The act signed into law in 1970 was challenged in the federal courts.  In Oregon v. Mitchell the Supreme Court declared that the Congress didn’t have the authority to set a minimum age requirement for voting in state and local elections.

President Nixon would then call upon Congress to adopt a Constitutional amendment to remedy the matter. It passed Congress in March 1971 and would set a record – 4 short months – as the fastest ratification of any of the amendments to the Constitution.  By July, President Nixon would certify that the amendment had indeed been ratified.

Horace Cooper is a legal commentator and the Director of the Center for Law and Regulation at the Institute for Liberty

June 12, 2012

Essay #82

Guest Essayist: Janice Brenman, Attorney

Amendment XXVI:

The right of citizens of the United States, who are 18 years of age or older, to vote, shall not be denied or abridged by the United States or any state on account of age.

The Twenty-Sixth Amendment: Empowering America’s Youth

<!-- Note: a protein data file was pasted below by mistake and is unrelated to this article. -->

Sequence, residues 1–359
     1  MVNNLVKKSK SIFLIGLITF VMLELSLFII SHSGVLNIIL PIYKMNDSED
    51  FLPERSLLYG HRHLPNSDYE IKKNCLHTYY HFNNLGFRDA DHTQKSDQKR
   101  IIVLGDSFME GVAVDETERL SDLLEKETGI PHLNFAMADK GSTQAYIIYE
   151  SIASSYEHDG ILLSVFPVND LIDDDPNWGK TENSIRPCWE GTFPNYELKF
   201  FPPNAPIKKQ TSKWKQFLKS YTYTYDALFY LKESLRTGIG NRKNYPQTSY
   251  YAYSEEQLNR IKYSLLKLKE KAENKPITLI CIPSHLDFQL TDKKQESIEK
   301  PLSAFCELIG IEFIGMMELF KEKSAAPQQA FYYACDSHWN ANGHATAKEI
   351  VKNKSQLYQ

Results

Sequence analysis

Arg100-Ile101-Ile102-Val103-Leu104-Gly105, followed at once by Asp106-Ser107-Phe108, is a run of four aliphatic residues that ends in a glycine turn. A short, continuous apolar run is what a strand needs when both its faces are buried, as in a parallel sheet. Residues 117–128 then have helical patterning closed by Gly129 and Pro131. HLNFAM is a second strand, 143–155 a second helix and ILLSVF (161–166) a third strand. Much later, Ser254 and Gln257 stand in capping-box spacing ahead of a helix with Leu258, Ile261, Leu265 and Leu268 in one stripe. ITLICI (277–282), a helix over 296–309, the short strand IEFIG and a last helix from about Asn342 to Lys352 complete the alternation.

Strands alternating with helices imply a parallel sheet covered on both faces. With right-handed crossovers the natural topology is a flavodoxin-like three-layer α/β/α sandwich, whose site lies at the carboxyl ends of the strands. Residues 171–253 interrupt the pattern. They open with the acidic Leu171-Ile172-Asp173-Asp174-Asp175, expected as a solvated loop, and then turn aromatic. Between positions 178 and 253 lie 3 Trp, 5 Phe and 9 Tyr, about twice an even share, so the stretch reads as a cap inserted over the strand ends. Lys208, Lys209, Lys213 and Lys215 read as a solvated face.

Throughout our nation’s history the right to vote has remained a cornerstone of cherished civil liberties and democratic processes.  This right, however, was granted to select members of the populace until a century and a half ago. The end of the Civil War brought about 3 “Reconstruction Amendments” aimed to bring constitutionally granted “blessings of liberty” to the black male populace – the 3rd of these, the 15th Amendment, ratified in 1870, granted voting rights regardless of “race, color, or previous condition of servitude.”  Half a century later, women were also granted the right to vote, after various organizations staged a protracted series of processions and protests.  Several countries, such as Sweden, Finland (then known as the Grand Duchy (Dutch-ee)), Britain and Australia, had already forged ground in this area at the end of the 19th century.  The resulting 19th Amendment was ratified in 1920, which prohibited state and federal sex-based voting restrictions.  Additional suffrage privileges were granted with ratification of the 24th Amendment in 1964 – which guaranteed that voting rights of citizens

“shall not be denied or abridged by the United States or any State by reason of failure to pay any poll tax or other tax.”

Age was the next obstacle to overcome.